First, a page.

Quality in Legal Aid

This section of the toolkit will describe the steps to follow to ensure that you are delivering high quality legal services. Please read the following information.

There are seven main ways to guarantee that you are providing quality legal aid to your clients:

1. Identify the most important unmet needs in the community that you want to serve.

Talk to local refuge populations and other organizations that work with them in order to discover what legal needs the refugees have.

2. Set program goals and objectives that address these legal needs.
3. Periodically, evaluate your objectives and service delivery methods and adjust them as needed.

It is important to continue to assess whether your work is meeting the needs of the refugee community. As you implement your work, take time at regular intervals to evaluate whether your work is focused on addressing the needs of the community and if it is effectively serving your client community.
An example of some questions that you could ask yourself are:

  • Do you feel that your legal aid services are addressing the needs of the population comprehensively?
  • After examining case files and talking to your staff about their clients, are there new issues that your clients are experiencing that your office should tackle?
  • Are there more efficient ways to help your clients?
  • Is your service delivery method allowing you to reach the appropriate people?
4. Regularly review case files and your staff’s work.

Review files to ensure that your staff is identifying the client’s issue and possible remedies, that the cases are handled in a timely manner, and that your staff had good client contact.
If it becomes too difficult to review every case file, consider having an independent person periodically review a random sample of cases. Consider setting up a system in which cases are peer reviewed.

Other good ways to review your staff’s work is by:

  • Interacting frequently with staff members.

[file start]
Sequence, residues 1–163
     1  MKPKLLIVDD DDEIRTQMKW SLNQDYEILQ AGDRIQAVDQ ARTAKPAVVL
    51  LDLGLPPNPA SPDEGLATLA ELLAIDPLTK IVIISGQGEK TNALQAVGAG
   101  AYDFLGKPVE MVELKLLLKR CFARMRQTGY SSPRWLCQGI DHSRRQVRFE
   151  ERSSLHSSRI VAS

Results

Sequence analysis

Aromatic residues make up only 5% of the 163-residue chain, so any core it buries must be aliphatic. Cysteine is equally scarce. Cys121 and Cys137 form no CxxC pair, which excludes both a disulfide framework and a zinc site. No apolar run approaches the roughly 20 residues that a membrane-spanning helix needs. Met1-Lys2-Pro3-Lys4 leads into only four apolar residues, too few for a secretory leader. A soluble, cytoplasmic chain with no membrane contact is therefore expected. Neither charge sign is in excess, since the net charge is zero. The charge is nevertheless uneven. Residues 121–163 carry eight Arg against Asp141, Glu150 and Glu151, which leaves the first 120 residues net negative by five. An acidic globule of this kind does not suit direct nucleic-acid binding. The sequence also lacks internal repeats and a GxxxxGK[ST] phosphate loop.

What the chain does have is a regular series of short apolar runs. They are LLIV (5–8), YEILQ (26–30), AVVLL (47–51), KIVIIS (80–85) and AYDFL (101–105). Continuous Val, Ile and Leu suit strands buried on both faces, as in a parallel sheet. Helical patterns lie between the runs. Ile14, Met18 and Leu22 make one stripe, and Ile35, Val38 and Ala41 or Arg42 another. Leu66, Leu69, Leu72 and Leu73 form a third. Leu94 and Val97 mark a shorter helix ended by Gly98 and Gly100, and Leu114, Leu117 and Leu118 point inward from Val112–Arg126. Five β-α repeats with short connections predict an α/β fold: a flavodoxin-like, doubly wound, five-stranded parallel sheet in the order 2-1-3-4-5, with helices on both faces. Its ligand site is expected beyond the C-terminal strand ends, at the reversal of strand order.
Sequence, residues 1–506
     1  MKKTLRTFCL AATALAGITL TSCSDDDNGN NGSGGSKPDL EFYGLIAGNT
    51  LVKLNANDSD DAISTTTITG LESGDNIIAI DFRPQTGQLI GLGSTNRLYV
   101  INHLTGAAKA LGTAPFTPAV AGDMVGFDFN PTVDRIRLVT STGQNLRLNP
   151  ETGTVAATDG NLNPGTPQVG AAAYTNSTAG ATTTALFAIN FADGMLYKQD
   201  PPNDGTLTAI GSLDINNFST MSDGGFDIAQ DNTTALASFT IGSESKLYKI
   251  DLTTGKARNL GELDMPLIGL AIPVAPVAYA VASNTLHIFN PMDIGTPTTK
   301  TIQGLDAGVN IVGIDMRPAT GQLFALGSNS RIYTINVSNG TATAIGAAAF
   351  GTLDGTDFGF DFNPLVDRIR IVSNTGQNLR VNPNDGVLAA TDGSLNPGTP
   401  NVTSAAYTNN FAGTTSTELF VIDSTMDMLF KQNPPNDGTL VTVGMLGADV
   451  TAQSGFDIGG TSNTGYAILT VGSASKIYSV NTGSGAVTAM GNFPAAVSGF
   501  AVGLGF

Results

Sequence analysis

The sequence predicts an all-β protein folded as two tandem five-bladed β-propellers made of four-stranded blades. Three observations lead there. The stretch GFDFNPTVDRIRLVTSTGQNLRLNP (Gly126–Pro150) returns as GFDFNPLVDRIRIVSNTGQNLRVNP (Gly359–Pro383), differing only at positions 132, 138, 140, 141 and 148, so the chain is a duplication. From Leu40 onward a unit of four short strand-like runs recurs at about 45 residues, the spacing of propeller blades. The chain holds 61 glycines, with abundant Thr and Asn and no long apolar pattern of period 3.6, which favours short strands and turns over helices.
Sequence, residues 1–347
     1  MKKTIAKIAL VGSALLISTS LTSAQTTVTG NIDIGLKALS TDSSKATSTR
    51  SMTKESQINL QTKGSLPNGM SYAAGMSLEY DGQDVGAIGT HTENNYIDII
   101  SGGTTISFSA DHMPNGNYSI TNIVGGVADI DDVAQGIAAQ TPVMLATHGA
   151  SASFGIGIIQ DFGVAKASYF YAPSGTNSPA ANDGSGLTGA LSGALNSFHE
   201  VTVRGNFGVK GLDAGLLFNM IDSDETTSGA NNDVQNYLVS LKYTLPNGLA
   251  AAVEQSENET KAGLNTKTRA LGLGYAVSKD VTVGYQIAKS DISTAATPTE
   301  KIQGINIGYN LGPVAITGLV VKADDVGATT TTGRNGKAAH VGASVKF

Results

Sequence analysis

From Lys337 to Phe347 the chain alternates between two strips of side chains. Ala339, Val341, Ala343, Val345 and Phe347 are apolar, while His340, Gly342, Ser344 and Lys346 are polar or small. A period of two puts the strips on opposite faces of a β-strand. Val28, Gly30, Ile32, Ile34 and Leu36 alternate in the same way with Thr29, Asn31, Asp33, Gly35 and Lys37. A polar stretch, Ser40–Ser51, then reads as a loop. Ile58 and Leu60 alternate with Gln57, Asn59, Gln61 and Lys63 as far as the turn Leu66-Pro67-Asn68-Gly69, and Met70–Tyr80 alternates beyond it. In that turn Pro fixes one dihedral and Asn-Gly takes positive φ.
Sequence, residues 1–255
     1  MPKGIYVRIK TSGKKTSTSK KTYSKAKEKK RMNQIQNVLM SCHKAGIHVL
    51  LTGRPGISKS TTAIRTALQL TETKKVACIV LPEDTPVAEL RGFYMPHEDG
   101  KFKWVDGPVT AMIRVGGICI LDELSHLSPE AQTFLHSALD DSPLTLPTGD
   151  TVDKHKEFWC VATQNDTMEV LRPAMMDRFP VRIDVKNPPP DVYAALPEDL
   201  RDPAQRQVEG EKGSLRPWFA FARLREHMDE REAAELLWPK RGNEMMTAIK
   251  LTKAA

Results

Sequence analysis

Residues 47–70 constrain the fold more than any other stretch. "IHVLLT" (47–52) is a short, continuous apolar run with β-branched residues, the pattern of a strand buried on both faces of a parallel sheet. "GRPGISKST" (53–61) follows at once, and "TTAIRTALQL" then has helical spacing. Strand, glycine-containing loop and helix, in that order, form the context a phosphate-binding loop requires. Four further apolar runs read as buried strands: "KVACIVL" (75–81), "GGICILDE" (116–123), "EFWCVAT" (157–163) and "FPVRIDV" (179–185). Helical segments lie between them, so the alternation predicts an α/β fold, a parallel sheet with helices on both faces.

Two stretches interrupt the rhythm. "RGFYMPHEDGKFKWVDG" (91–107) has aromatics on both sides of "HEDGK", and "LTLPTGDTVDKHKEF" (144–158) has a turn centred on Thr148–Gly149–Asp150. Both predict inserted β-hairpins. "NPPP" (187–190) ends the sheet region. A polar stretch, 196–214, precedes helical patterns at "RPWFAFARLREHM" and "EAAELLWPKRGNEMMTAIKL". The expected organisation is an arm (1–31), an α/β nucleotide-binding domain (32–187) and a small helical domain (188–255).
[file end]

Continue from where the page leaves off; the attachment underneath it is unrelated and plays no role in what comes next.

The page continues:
• Pairing junior staff with senior staff so that they can work on a case together.
  • Having staff write brief, frequent reports to their supervisors on their case statuses and results.
  • Always reviewing files after a complaint has been made to identify whether there were any problems with how your staff handled the case.

Some questions you could ask yourself are:

  • Are cases handled in a timely manner?
  • Has your staff been able to have adequate client contact and did they follow the procedures?
5. Ensure that your staff is well-qualified, well-trained, and well-treated so that they can provide quality legal services.

Provide ongoing training to all management and staff on issues and developments in their areas of responsibility.

  • Lawyers need to be trained in the substantive law in which they work and in office skills.
  • Non-legal staff need to have a basic knowledge of the program’s mission and all aspects of their jobs.
  • Avoid staff burn out by promoting fair pay, fair benefits, and good working conditions.
  • You should also implement an adequate screening policy.
  • Cases should be assigned to the person who is best able to take them based on the person’s experience, training, and available time.
6. Make sure that you are providing services equally to men, women, boys, and girls.

Review the gender sensitivity in legal aid section of the toolkit to find out more about how to do this.

7. Adhere to the Nairobi Code’s ethical obligations.

Following the duties and standards in this code will ensure that you are providing ethical services to your clients. It is not possible to provide high quality legal aid unless the work that you are doing is ethical.
Review the Nairobi Code section of the toolkit to learn more about these obligations.